Pirelli expect Qatar tyre failures won’t recur in Jeddah

2021 F1 Season

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Pirelli’s Mario Isola is confident there will be no repeat of the punctures suffered by drivers in Qatar during today’s Saudi Arabian Grand Prix.

Formula 1’s official tyre supplier identified unique characteristics of the kerbs used at the Losail International Circuit which contributed to the failures which befell Valtteri Bottas, Lando Norris and the Williams drivers during the race.

Isola is confident there will be no repeat of the problems in this weekend’s race at the new Jeddah Corniche Circuit as the track does not make use of same kerbs found in Losail. “Looking at the kerbs here in Jeddah, they are completely different,” he explained.

“We have several other circuits where they hit the kerbs quite harder – in Spielberg, for example, in a couple of corners, or Monza in the first chicane. There are many circuits where they hit the kerbs. I don’t think that the situation here in Jeddah is much different compared to other circuits.”

The unusual configuration of Losail’s kerbs, plus the high speeds drivers hit them, contributed to the tyre failures.

“In Qatar we had the ‘red-and-white’ kerbs that are normal kerbs that we have in any circuit. And immediately after the red-and-white kerbs, we had the green-and-white kerbs which are shaped like a pyramid. In many corners, the drivers were running over these kerbs because they had an advantage in terms of lap time.”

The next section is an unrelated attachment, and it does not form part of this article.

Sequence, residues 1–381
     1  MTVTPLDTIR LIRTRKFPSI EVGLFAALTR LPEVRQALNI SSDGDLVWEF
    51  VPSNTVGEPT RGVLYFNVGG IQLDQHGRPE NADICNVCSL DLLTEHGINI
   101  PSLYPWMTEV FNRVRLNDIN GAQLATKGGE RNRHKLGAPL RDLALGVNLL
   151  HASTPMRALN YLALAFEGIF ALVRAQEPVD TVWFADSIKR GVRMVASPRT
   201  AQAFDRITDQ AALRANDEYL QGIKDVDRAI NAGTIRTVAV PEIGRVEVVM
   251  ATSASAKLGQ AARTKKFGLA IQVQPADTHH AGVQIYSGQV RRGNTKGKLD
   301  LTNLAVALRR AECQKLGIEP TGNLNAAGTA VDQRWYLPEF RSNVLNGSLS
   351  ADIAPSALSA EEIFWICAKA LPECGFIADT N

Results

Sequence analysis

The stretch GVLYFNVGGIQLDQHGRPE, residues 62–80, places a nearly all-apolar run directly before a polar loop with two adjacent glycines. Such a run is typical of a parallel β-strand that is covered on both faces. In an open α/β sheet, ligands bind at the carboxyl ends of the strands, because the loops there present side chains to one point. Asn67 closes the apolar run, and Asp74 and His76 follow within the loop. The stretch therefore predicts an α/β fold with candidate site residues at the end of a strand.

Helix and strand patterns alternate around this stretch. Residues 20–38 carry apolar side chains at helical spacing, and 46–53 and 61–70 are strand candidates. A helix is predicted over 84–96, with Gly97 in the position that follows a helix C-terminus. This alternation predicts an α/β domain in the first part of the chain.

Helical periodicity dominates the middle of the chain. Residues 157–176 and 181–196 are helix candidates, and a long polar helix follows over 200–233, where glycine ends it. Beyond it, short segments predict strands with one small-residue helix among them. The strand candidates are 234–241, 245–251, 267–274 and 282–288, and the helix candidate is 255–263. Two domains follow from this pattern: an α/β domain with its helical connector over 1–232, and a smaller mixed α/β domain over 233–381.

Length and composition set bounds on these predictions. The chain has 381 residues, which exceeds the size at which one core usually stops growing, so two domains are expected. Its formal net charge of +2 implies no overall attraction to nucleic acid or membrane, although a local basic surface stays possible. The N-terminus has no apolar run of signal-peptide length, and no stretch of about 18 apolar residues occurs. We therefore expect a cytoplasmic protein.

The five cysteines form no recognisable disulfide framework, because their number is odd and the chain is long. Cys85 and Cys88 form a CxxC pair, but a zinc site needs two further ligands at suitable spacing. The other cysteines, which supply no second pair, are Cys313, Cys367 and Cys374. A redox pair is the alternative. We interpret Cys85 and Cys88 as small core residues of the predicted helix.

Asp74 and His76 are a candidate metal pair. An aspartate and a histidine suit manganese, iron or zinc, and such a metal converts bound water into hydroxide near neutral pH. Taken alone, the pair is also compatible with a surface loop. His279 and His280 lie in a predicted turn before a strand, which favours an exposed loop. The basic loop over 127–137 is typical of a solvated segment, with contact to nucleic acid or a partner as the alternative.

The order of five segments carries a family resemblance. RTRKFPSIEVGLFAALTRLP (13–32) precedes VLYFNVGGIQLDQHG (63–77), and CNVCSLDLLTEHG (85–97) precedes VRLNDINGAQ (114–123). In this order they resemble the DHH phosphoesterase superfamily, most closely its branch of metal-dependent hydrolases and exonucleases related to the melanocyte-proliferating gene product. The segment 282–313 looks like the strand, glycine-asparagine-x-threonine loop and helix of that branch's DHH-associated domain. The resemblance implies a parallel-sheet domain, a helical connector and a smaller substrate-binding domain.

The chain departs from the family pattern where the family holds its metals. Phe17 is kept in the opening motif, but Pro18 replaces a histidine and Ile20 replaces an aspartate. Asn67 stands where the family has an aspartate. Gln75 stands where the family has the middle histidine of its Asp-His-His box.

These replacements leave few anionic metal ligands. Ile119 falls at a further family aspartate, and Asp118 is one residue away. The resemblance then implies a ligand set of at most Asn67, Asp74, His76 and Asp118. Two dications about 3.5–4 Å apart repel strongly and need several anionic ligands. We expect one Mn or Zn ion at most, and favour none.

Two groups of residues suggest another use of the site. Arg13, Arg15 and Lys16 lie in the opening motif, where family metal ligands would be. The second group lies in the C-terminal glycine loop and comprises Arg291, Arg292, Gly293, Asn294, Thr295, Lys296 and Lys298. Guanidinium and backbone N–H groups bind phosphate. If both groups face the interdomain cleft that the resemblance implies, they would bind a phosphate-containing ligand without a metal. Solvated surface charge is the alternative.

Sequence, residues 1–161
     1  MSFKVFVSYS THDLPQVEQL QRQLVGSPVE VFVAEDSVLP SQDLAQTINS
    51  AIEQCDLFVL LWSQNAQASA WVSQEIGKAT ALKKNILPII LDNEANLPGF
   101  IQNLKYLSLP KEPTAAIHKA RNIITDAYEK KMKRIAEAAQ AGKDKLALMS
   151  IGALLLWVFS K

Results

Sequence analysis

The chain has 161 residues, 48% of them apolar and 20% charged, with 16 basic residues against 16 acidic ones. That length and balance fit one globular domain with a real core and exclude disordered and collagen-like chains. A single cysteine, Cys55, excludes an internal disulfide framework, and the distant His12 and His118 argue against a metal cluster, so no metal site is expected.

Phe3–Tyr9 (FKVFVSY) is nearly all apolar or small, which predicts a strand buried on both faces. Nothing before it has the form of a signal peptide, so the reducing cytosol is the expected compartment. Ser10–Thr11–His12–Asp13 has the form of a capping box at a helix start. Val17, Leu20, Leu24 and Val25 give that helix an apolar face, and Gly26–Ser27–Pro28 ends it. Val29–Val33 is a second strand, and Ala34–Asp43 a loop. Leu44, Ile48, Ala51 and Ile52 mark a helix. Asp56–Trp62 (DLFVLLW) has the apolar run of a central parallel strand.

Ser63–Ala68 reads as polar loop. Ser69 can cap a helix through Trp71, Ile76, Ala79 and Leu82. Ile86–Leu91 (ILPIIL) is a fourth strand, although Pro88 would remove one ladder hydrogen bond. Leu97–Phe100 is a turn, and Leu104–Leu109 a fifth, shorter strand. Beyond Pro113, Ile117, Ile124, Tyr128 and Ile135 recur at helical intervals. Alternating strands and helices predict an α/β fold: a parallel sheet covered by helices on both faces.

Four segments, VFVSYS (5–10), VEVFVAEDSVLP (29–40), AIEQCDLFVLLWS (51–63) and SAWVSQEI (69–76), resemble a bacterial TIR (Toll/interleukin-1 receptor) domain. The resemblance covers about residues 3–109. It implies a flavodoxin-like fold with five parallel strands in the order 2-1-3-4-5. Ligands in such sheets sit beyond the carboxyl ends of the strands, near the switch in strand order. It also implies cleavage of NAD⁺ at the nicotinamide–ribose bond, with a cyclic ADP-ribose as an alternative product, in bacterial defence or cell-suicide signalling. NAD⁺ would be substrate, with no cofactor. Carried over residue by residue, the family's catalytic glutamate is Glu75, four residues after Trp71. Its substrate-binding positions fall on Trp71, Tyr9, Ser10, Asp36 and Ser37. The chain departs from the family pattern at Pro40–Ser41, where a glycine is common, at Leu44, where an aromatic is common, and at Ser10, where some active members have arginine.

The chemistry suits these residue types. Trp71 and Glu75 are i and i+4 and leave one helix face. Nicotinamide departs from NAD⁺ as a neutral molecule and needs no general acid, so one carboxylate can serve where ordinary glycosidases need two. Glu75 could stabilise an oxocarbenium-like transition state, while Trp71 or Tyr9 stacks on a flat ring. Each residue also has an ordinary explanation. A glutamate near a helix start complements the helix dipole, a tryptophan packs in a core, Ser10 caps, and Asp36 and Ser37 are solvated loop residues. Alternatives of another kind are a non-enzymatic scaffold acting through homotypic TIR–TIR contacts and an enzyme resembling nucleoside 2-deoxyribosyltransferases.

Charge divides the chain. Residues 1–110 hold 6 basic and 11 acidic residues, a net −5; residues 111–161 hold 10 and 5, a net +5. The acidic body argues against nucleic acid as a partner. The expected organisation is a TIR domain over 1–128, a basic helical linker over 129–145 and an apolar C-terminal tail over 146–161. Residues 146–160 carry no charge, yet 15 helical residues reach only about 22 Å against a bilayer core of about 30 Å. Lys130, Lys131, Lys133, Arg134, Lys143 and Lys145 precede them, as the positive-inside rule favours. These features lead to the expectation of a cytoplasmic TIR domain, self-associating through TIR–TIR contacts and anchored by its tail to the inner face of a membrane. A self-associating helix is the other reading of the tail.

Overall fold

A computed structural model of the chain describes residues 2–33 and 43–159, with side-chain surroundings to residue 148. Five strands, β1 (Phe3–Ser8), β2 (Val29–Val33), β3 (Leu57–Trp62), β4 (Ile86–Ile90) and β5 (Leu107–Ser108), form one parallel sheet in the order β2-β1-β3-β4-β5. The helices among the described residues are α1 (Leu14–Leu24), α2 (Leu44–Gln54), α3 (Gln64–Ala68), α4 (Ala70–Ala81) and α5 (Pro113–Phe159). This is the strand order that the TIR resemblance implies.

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Isola says the forces on the tyres while running over these kerbs led to cuts in the sidewalls that became the root cause of the failures drivers experienced.

“They had high speed, high lateral load, high vertical load, and in some cases they were running beyond the kerbs and then back,” he explained. “And these movements were creating deformation in the construction of the tyre that damaged the construction on the tyre.”

Although many other circuits on the calendar feature these pyramid-shaped kerbs – such as the exit of Luffield at Silverstone – Isola says they are usually found in places that would cost drivers time if they routinely ran over them.

“With this effect they were not only running over the kerb with this particular shape, but also in many cases, going beyond and back. And that means that you are hitting the inside sidewall in a quite hard way. And that was the reason why we had these deflations.

“The origin of the failure was a small cut on the inside sidewall. A loss of pressure, and then obviously when the tyre loses the pressure, then you have other complete deflation.”

Mercedes team principal Toto Wolff believes the long stint the team ran at the start of the race contributed to the puncture Bottas suffered. “I think we definitely learned that you mustn’t run the tyres to zero rubber because a puncture can come without any warning,” he said. “This is the learning from Qatar.”

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Will Wood
Will has been a RaceFans contributor since 2012 during which time he has covered F1 test sessions, launch events and interviewed drivers. He mainly...

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